Qian Li, currently an intern at the DuPont Experimental Station, is excited about the real experience she is gaining in industry. “I like the chance to work with and talk to professional people. Both statisticians and biologists. They are very knowledgeable and very anxious to teach us interns the things we will need in our professional lives,” she says.

Lu Su, interning at DuPont’s Stein-Haskell Lab in Newark, echoes her fellow student’s thoughts. When asked about the best aspects of the internship, she quickly replies, “Teamwork.” She says she appreciates the opportunity to work with a multifaceted team of statisticians, biologists and fellow interns, each of whom brings his or her own special strengths and skills to the project. She adds, “We have the opportunity to put our skills to use on real data and see how it all works in reality.”

Credibility in the workplace

The market for individuals with graduate degrees in statistics is excellent, points out Ilvento, and all of the program’s graduates find work in the field. He credits the fact that they each already have a year’s work experience on their resumes with part of the success. “Work experience is crucial in the job search today,” he notes, “and these students have worked with real companies on real problems.”

Joe Scocas interned at DuPont Crop Protection Products as a master’s student in statistics and was later hired as a statistician by the company. Thinking back on his internship experience, he comments, “Even though I had previous work experience the internship was beneficial for me since it gave me the opportunity to participate in the working environment of my chosen profession. Scocas continues, “My internship gave me a meaningful frame of reference to better understand the new statistical concepts I studied in class. Working in an environment like DuPont Crop Protection enables you to see how ideas work together and help us understand a more complex situation.”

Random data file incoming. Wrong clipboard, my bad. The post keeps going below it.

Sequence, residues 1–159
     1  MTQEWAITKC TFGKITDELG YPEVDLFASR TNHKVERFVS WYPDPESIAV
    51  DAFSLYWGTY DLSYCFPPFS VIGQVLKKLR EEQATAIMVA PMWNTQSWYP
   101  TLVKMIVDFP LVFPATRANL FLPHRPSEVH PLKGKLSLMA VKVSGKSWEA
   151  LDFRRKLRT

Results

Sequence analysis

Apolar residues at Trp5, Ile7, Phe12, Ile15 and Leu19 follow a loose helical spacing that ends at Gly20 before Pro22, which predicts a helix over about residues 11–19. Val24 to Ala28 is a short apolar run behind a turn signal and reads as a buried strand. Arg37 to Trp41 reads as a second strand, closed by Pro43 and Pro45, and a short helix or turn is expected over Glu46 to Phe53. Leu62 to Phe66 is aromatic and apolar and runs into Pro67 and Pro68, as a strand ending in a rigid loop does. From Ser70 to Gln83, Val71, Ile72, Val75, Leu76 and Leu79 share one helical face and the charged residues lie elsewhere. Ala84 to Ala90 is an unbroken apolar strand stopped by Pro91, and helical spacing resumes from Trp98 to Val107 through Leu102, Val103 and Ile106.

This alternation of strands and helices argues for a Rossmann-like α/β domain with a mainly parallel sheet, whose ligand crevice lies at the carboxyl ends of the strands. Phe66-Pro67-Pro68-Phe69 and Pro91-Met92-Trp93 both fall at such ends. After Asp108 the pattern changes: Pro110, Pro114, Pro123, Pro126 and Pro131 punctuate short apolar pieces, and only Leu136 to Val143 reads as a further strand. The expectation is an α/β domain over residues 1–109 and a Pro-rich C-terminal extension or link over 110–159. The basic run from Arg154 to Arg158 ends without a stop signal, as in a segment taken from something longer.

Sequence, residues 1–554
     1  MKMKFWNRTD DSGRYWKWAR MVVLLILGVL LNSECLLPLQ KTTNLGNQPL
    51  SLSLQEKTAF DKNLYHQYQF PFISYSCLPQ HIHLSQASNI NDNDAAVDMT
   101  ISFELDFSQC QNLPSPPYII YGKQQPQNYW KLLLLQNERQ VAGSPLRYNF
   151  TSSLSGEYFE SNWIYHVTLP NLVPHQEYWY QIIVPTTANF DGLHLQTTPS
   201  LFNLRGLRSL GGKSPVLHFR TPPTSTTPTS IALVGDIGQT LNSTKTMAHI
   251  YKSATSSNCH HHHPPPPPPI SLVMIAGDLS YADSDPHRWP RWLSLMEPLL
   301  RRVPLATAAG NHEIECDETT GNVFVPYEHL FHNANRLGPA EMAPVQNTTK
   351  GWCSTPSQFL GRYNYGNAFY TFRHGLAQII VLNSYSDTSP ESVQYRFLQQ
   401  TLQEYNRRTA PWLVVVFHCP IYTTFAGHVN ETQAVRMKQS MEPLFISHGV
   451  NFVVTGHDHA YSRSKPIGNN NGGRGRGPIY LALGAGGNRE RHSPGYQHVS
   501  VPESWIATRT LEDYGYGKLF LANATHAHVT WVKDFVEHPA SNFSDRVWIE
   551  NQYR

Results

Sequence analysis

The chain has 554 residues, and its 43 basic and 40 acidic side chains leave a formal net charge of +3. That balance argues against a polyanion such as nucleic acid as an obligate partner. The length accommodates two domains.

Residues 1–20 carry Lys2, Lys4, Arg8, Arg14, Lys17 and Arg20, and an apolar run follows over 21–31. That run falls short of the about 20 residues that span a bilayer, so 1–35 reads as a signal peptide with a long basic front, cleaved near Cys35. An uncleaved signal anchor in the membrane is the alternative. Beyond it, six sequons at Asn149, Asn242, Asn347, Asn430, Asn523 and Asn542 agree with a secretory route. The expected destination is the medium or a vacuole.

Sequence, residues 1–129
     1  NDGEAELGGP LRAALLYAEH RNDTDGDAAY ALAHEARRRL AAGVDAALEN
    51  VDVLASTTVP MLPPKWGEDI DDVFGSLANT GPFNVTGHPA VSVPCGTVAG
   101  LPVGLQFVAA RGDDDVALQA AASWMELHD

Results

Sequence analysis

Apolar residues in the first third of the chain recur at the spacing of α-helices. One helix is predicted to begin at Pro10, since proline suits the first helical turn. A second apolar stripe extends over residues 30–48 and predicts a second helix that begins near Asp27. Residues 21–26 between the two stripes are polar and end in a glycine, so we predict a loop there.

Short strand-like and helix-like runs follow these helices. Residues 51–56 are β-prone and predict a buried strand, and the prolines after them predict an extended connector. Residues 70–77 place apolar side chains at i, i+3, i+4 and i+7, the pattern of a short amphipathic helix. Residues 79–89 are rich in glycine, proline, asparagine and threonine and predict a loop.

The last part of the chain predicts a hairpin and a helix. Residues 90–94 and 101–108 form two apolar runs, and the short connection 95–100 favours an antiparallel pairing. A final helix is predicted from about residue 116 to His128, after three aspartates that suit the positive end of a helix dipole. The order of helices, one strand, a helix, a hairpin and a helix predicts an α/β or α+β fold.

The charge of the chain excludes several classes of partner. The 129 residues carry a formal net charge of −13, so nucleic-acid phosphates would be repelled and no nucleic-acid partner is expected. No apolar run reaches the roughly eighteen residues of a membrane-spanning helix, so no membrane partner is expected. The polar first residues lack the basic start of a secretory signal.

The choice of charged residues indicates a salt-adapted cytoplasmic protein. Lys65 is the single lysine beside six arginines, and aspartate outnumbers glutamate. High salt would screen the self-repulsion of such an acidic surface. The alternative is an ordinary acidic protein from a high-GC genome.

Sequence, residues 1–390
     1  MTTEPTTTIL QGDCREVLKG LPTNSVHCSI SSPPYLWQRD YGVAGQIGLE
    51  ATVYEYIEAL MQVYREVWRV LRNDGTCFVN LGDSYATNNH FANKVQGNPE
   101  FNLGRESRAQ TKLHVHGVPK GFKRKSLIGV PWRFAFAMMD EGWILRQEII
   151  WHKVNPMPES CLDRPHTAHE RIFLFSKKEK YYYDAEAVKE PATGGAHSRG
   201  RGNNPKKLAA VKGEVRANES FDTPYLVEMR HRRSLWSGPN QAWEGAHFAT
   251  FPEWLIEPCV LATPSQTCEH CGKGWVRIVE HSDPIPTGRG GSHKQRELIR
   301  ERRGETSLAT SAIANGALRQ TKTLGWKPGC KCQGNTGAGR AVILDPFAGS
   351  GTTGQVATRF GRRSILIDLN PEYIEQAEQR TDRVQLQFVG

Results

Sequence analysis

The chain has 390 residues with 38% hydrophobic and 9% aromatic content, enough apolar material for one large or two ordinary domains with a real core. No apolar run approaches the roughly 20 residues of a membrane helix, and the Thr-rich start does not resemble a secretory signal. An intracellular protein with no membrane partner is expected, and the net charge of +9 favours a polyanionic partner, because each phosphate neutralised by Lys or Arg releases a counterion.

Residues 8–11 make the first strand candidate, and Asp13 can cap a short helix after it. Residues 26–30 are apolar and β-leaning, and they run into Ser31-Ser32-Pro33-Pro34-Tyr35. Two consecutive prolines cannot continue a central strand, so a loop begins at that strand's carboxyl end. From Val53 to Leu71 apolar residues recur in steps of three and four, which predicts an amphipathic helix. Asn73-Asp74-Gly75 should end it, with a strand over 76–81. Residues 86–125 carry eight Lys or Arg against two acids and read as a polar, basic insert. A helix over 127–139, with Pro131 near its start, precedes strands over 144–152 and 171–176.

Scocas has found the work at DuPont Crop Protection Products personally rewarding. “We are dedicated to discovering products that can directly impact the world’s food supply, both in terms of availability and affordability,” he says. “DuPont statisticians and, in turn, the interns from the University of Delaware work on projects and with scientists from all over the world, providing them with a memorable experience that ultimately can help define their professional goals and further their career.”

Scocas now supervises UD interns at DuPont. “I believe that my experience as a former intern allows me to understand the needs and strengths of current students. I can help them advance their learning and understanding of the contribution statistics provides to research and development, as well as increase the benefit that DuPont receives from this relationship.”